Sharing ownership with others is a double edged sword. Fractional’s can be a slightly safer option that a syndicate, where private individuals generally make decisions collectively, because they are overseen by an independent managing party: the new Jet Group syndicate structure, however, goes a long way to addressing this issue. This means arguments between owners can be avoided: all the amenities such as hangarage, aircrew and upkeep are provided. In addition, you are free of worries such as wages, down time and paperwork. Should you want to leave the group, it’s much easier to do so without finding someone to buy into your share.
If it’s all sounding good then keep reading because there are a few downsides to consider as well. In some fractional agreements you can pay more highly for services such as fuel, general maintenance and aircraft care. Resale of shares isn’t always fair and reasonable, depending on the provider. So it’s a good idea to get to know the ins and outs of the agreement very well before you sign. If you would like more say in your share of ownership, then the other share type is a syndicate.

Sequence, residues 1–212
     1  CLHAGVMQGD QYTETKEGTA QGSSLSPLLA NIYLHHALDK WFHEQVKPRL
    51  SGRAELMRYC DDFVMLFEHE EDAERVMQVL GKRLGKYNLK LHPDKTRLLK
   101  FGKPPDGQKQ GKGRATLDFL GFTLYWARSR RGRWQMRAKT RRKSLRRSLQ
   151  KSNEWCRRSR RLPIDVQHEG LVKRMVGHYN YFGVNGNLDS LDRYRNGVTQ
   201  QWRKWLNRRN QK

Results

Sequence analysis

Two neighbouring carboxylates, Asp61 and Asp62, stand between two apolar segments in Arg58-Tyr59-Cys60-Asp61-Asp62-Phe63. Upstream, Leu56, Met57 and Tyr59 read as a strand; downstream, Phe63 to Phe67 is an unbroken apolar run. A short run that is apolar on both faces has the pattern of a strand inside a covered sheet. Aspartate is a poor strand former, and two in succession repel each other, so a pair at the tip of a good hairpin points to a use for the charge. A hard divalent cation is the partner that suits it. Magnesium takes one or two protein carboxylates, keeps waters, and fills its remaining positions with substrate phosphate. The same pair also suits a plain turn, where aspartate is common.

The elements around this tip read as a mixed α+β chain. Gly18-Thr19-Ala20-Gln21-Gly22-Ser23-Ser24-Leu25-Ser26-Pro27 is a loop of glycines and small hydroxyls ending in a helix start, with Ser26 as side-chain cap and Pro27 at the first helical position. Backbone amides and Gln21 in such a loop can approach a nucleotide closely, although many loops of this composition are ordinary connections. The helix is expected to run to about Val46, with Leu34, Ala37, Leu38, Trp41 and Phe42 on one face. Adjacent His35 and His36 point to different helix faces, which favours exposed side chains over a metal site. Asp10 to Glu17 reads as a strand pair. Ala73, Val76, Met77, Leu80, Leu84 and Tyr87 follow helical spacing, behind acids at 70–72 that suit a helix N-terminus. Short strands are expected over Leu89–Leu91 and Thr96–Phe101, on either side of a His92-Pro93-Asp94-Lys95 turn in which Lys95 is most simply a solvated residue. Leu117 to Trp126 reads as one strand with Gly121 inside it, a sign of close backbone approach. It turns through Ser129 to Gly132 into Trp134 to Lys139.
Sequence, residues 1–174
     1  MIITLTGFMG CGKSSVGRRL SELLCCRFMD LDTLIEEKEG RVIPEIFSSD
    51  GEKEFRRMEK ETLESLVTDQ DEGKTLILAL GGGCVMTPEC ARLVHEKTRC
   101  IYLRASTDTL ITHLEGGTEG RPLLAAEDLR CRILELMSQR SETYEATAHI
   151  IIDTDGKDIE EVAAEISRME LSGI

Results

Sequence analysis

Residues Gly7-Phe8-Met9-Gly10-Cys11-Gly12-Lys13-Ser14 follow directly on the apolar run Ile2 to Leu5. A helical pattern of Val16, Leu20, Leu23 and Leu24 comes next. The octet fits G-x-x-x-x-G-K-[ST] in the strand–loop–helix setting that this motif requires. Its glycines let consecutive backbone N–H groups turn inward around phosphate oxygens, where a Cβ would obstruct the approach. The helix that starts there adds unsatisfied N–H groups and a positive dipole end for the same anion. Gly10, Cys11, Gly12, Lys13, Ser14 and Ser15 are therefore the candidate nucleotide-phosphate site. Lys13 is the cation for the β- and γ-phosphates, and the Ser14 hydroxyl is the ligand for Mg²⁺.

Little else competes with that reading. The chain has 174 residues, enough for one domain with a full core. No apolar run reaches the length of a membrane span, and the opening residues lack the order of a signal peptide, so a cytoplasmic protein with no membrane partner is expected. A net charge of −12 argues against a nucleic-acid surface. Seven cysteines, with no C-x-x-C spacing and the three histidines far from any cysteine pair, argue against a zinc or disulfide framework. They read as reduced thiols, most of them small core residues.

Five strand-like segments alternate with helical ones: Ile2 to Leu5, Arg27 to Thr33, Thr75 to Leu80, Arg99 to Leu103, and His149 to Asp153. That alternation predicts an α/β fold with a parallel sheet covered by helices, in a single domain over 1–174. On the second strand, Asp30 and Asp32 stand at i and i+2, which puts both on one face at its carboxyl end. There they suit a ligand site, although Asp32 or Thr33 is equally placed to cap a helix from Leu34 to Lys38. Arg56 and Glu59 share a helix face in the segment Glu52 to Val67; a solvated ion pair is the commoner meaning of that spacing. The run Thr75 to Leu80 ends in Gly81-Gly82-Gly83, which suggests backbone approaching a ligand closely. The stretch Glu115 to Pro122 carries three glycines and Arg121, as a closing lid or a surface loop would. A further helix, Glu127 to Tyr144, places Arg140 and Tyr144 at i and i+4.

Syndication brings several financially interested parties into a group, where each member has a say, or a vote as to how the asset is managed, as opposed to fractional ownership where a provider does the managing for you. If the members get along well, have strong similar goals and are compromising, syndication can work well and be more flexible and affordable than a fractional arrangement. At the same time, usage still needs to be managed by a single source, usually leaving one member to be responsible for booking the aircraft. This is where a fractional ownership arrangement has its benefits.
Knowing which, if any, is right for you will depend on personal circumstances and it’s important to do plenty of research. That said, either a syndicate or fractional ownership might not have you on the rich list but perhaps a step closer to living the dream.